Top Neuroscientist to Lead Research at NYU Shanghai

Lu Zhonglin
Aug 30 2019

Lu Zhong-Lin, a leading scholar, vision scientist, and cognitive neuroscientist widely recognized for his work on computational brain models for perception and cognition, has been named Chief Scientist, Associate Provost for Sciences, and Co-Director of the NYU-ECNU Institute of Brain and Cognitive Science at NYU Shanghai, Provost Joanna Waley-Cohen announced today.

Lu joins NYU Shanghai this fall from Ohio State University, where he was a College of Arts and Sciences Distinguished Professor of Psychology, Professor of Psychology, Optometry, and Translational Data Analytics for eight years. Lu also served for many years as the Director of both the Center for Cognitive and Behavioral Brain Imaging and the Center for Cognitive and Brain Sciences at Ohio State. 

“We are thrilled to welcome Lu Zhong-Lin to NYU Shanghai. His academic expertise and his experience in the world of research in both China and the US are an invaluable addition to our growing faculty strength. With Zhong-lin taking the lead as Chief Scientist and Associate Provost for the Sciences we expect NYU Shanghai to make ever greater contributions to scholarship in the sciences,” said Waley-Cohen.

Lu, who earned his PhD from NYU in 1992, will assume his new duties as the Co-Director of the NYU-ECNU Institute of Brain and Cognitive Science at NYU Shanghai on September 1, 2019, succeeding Anthony Movshon, professor of Neural Science and Psychology at NYU, who is stepping down after two years in the post.

As the new Chief Scientist and Associate Provost for Sciences, Lu’s broad charge is to develop a strategic vision for NYU Shanghai to become an innovative world-class research university. He will help identify core areas of scientific research, foster multidisciplinary research programs, build strong partnerships between NYU Shanghai and the NYU global network, seek collaborative opportunities with academic, industry, and other partners, and nurture a collaborative scientific research environment. 

“It’s exciting to return to China after spending three decades studying and teaching in the U.S.,” Lu said. “As an NYU alumnus, my relationship with the university dates back to my twenties. I am delighted to be part of the NYU Shanghai community and look forward to working with my colleagues to advance the shared mission and vision.” 

“I will begin by engaging with our faculty at NYU Shanghai, NYU, and ECNU, and reaching out to the broad scientific community in China. I hope that we will be able to come up with a good plan through debates and discussions.” Lu said.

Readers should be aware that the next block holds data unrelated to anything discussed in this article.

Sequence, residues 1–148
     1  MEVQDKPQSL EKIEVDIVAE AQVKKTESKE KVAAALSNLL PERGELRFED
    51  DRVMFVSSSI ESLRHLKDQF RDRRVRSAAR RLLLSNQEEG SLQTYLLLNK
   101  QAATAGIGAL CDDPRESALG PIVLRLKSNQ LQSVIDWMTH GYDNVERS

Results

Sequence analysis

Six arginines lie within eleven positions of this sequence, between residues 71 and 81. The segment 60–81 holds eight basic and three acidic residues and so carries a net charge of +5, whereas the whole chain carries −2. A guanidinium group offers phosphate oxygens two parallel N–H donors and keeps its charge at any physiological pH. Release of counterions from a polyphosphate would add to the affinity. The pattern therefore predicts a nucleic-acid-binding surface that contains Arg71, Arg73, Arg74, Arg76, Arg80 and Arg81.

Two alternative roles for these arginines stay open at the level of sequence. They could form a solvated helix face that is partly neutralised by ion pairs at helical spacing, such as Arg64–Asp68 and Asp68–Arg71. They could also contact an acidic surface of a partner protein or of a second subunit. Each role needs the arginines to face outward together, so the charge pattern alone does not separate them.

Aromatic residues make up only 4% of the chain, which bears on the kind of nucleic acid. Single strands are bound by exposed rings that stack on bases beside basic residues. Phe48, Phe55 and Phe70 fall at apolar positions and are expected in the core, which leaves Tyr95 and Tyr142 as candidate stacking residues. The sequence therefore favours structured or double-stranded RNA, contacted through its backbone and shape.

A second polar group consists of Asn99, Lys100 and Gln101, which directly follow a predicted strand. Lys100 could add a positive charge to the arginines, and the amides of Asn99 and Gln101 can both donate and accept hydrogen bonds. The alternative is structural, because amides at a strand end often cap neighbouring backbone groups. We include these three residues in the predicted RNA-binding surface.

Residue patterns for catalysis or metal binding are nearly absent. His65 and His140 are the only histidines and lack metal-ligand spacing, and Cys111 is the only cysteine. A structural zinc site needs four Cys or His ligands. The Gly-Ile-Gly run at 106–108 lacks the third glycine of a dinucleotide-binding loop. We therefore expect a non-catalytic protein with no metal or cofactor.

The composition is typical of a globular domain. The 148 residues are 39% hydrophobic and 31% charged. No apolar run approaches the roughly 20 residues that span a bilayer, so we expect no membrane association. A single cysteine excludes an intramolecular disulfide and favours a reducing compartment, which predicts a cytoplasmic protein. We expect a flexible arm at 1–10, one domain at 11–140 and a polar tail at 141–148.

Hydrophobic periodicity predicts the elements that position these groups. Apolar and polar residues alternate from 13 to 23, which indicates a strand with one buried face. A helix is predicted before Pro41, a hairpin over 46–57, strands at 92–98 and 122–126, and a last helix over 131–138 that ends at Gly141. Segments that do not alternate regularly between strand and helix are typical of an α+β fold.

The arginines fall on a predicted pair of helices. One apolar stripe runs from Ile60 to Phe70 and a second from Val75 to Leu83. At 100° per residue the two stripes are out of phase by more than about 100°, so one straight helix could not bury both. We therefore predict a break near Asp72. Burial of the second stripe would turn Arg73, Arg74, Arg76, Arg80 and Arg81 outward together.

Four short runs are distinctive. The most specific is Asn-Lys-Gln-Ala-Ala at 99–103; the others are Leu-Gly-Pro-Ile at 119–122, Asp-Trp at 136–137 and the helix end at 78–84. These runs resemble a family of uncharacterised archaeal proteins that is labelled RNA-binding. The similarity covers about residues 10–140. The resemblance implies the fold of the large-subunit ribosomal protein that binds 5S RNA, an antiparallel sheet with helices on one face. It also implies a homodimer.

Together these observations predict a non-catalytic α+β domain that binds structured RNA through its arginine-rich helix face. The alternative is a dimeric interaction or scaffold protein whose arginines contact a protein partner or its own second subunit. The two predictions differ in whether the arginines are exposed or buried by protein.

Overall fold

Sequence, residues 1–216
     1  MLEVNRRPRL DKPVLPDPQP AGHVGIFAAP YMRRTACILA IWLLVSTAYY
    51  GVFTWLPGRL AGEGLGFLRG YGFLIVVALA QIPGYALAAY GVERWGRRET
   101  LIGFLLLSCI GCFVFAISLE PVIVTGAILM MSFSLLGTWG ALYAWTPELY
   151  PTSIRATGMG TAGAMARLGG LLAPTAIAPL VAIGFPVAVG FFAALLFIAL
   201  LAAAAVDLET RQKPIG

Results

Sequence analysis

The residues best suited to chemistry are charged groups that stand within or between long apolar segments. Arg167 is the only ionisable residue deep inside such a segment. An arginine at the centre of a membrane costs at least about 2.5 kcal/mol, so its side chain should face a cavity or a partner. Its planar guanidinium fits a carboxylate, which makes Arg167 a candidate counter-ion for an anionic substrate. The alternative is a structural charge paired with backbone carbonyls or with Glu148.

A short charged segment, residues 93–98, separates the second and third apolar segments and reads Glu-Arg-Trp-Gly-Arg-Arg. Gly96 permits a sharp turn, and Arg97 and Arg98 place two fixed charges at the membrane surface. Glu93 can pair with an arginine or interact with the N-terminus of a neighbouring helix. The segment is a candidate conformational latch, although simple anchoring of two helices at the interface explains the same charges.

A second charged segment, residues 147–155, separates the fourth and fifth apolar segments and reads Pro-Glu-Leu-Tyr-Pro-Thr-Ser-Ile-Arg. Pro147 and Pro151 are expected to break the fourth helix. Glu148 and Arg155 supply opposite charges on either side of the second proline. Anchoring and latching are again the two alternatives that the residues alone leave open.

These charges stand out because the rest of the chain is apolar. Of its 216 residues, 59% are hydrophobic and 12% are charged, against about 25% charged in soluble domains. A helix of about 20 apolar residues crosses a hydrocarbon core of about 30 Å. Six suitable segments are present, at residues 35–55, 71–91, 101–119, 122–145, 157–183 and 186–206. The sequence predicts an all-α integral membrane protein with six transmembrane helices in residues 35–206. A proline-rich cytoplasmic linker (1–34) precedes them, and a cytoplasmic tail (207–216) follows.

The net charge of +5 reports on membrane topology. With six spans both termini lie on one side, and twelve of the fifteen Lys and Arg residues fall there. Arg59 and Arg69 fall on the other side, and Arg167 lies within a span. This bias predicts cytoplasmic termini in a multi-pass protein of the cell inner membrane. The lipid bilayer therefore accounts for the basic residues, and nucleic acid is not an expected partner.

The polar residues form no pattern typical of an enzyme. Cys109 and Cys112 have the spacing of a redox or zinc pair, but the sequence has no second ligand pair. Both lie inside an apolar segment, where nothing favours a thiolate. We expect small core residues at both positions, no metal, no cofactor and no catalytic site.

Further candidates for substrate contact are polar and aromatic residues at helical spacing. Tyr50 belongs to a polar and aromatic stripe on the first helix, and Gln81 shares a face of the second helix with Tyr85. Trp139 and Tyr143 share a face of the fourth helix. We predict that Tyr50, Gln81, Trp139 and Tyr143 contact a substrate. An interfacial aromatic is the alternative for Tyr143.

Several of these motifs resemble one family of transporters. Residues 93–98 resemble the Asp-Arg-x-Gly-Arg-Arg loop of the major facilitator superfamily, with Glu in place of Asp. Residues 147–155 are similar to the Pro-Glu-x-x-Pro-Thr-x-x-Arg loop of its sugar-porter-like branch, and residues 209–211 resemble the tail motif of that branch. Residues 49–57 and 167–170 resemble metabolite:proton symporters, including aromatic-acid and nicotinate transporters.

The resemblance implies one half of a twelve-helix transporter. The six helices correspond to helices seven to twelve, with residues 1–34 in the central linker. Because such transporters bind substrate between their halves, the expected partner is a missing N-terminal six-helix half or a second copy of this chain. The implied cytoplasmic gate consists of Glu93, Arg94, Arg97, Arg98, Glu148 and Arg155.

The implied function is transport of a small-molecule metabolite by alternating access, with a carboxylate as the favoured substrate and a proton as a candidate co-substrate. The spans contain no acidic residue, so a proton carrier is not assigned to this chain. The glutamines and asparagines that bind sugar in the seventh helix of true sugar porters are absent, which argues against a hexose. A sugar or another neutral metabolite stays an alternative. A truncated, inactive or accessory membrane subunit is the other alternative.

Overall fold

Over the course of his career, Lu has focused his research on computational brain models for perception and cognition. He deploys a rich set of experimental and theoretical approaches, such as psychophysical experimentation, physiological investigation, clinical testing, and computational modeling. In addition, his research spans a wide range of topics covering visual and auditory perception, attention, and perceptual learning; sensory and attentional processes, second language learning, memory, and human decision making; visual deficits in dyslexia, myopia, amblyopia & Alzheimer's disease, and brain imaging technologies and data analytics. 

Lu has made ground-breaking scientific discoveries, and developed technological and analytical tools to solve real world problems. He has published more than 300 scientific papers in leading journals and collections, including Science, Nature, Nature Neuroscience, Proceedings of the National Academy of Science(PNAS), and has been cited more than 13,000 times. He has co-authored two books, edited 12 book volumes and received 12 patents in visual disease treatment, visual and cognitive assessment, and MRI (magnetic resonance imaging) technologies. 

Lu is also an entrepreneur, co-founding Adaptive Sensory Technology, Inc., which is devoted to transforming eye care with precision measurement through adaptive vision tests for ophthalmology and optometry.

A Hubei native, Lu earned his bachelor's degree in theoretical physics from the University of Science and Technology of China in 1989, and obtained his M.S. and Ph.D. in physics in 1992 from NYU under the guidance of the renowned physicist Samuel J. Williamson. In 2003, he was the youngest fellow ever appointed by the Society of Experimental Psychologists, and was also a fellow of the Association for Psychological Science.

Early in his career, he spent four years as a postdoctoral fellow in Cognitive Science at the University of California, Irvine, working with the acclaimed cognitive psychologist George Sperling. After the fellowship, he joined the Department of Psychology at the University of Southern California as an Assistant Professor in 1996, rising to Professor of Psychology and Biomedical Engineering in 2005 and the William M. Keck Chair in Cognitive Neuroscience in 2006. Lu served as the Co-Director of the Dana and David Dornsife Cognitive Neuroscience Imaging Center at USC before joining Ohio State University in 2011.